Prosecution of Workplace Health and Safety Violations: The Sentencing of Donald Blankenship

In April of this year, District Court Judge Irene C. Berger sentenced Donald Blankenship, the former CEO of Massey Energy Company (Massey) to one year in prison and ordered him to pay a fine of $250,000 for conspiring to violate mine safety standards.  Massey owned Upper Big Branch mine, where six years ago an explosion killed 29 miners, the largest mining disaster in 40 years.  Reports revealed that the explosion occurred when a spark ignited a build up of methane gas causing it to explode, which in turn triggered a coal dust explosion (At trial, Blankenship insisted the explosion was an “act of god.”)  The reports also revealed that the explosion could have been prevented if Massey followed basic mine safety precautions.  Blankenship was not charged with any liability for the mining disaster itself, but the events at UBB were the catalyst for the investigation into the CEO.

Blankenship is thought to be the first CEO of a major U.S. company prosecuted for safety violations in the wake of a workplace disaster. In addition to charging health and safety related violations, the government indicted him for lying to the government and Massey shareholders.  A recent Department of Justice (DOJ) memorandum issued by Sally Quillian Yates, Deputy Attorney General, on “Prosecution for Worker Safety Violations,” directs prosecutors to charge multiple offenses in conjunction with acts prohibited by federal workplace safety statutes.  Although Blankenship’s prosecution began before the DOJ issued the memo, his prosecution used multiple allegations to bring more substantial charges.  The DOJ memo and Blankenship’s prosecution highlights the weak criminal sanctions for workplace safety crimes as compared to other crimes, and in particular, demonstrates the disparate sanctions for executives convicted of white-collar fraud.

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Today’s News & Commentary — April 8, 2016

Unions are experiencing delays in their efforts to create a $50 million super PAC to support labor-friendly Democrats in the 2016 presidential and congressional races.  According to the Wall Street Journal, the delays are attributable to a few discrete factors: First, many “working-class white men and women, many of whom are union members,” have supported Donald Trump, and the effort to convince these members to vote for Democratic candidates will prove challenging if Trump becomes the Republican presidential nominee.  Second, while the AFL-CIO would like to endorse Democratic presidential frontrunner Hillary Clinton, Bernie Sanders’s victory in Wisconsin and seven other primaries has resulted in a lack of consensus to push Clinton.  Third, large labor unions, like the Service Employees International Union (SEIU) and the National Education Association (NEA), and the 50 mid-sized unions that are part of the AFL-CIO have disagreed on how the super PAC would be run.  “The SEIU and NEA, which rank as the top spenders on political campaigns in recent years, are reluctant to turn over their political funds to a new political organization without retaining enough control over how the money was going to be spent,” the WSJ reported.  No matter what the final organization of the super PAC, it will play an active role in shaping the upcoming election.  In the 2012 election, by comparison, labor unions donated $115 million to pro-Democratic super PACs.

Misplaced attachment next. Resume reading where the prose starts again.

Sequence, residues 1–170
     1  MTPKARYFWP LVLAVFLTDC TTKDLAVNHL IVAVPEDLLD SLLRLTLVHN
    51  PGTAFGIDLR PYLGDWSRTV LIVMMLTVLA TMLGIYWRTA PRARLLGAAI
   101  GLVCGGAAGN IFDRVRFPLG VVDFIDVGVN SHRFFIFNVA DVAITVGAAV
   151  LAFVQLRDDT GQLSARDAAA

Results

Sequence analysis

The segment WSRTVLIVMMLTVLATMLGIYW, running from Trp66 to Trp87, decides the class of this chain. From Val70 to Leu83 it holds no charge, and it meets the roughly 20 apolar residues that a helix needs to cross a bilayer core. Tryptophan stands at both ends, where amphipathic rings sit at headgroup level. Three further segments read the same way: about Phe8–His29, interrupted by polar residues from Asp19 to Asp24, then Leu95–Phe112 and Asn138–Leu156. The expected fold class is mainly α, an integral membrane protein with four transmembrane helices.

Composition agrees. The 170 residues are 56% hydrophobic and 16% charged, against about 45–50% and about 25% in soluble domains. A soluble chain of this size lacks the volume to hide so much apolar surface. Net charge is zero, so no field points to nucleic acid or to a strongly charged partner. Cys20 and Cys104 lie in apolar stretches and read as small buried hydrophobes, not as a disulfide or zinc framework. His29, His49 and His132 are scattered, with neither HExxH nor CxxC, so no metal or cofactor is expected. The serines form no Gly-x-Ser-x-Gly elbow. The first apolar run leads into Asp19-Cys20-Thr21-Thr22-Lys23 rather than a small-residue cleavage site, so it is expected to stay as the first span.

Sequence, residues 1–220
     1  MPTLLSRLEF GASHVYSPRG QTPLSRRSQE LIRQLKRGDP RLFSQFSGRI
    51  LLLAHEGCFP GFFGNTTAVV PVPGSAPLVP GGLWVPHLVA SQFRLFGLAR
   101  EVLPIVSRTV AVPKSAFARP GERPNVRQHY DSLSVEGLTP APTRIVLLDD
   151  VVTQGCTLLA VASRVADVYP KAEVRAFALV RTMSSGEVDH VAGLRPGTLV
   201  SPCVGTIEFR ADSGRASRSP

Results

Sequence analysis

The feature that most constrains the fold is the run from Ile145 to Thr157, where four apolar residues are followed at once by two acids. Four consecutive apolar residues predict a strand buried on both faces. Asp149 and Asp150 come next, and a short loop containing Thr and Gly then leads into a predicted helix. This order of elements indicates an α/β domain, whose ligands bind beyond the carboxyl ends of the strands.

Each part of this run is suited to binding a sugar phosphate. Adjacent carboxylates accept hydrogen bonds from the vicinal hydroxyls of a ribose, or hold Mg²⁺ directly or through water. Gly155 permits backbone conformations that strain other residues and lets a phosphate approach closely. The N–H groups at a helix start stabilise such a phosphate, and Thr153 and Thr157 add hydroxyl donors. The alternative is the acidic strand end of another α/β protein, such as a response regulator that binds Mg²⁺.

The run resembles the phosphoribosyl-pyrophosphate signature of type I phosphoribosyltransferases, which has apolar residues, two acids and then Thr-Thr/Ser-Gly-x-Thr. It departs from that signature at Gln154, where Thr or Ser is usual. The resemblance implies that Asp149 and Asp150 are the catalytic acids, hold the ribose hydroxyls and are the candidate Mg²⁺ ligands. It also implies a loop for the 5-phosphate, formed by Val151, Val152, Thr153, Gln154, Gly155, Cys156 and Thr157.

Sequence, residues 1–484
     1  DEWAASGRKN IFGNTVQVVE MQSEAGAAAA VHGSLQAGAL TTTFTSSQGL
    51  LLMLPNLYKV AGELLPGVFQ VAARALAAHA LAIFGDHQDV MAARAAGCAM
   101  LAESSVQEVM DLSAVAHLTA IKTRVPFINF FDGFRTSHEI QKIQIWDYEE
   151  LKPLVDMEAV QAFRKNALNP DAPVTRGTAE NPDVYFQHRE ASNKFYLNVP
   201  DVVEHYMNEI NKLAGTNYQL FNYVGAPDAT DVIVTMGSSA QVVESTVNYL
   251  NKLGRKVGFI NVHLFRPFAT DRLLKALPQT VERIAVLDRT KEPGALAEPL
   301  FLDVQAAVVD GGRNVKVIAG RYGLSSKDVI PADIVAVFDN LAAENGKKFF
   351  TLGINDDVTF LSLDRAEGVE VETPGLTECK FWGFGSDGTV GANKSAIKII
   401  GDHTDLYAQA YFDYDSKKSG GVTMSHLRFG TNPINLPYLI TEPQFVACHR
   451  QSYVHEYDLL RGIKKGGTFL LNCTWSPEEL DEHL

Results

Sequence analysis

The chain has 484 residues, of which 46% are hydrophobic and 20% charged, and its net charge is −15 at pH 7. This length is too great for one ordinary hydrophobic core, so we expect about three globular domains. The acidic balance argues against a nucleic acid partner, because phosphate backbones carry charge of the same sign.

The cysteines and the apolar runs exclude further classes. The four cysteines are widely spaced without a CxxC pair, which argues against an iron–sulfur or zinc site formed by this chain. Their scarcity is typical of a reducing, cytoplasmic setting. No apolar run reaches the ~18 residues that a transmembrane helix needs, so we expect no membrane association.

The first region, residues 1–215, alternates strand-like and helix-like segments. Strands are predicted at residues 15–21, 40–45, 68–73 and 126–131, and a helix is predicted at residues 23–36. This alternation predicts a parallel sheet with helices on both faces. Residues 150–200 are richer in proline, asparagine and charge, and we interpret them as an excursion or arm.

The Eighth Circuit recently held that, despite the 2008 amendments to the Americans with Disabilities Act (ADA) that broadened the definition of a “protected disability,” obesity that is not caused by an underlying physiological condition is not a covered “impairment” for ADA purposes.  In Morriss v. BNSF Railway Company, an applicant received a conditional employment offer contingent on a satisfactory medical review.  On BNSF’s medical questionnaire, Morriss reported that he was 5’10” tall and 270 pounds, that he was once diagnosed as pre-diabetic but was not currently diabetic, and that he had taken appetite suppressants to lose weight but not for any health concerns.  During two subsequent physical examinations, BNSF doctors found that Morriss weighed 285 pounds with a BMI of 40.9 and that he weighed 281 pounds with a BMI of 40.4.  In accordance with its policy not to fill any safety-sensitive positions with applicants with BMIs equaling or exceeding 40, BNSF revoked its conditional offer.  Morriss filed suit, alleging that BNSF discriminated against him on the basis of disability, in part because BNSF regarded his obesity as an actual disability.  The district court found for BNSF, and the Eighth Circuit affirmed, ruling that in order to prevail on a “regarded as” claim, the applicant must show that his obesity was an actual or perceived “physical impairment.”  In turn, in order for one’s weight to be a physical impairment under the ADA, it must both fall outside the “normal” range and occur as a result of a physiological disorder.  JDSupra reports that this interpretation rejected an alternate proposal from the EEOC, which filed an amicus brief on behalf of Morriss.  The agency argued that following the 2008 amendments, a showing of an underlying physical disorder should be required only if a person’s weight is within the normal range.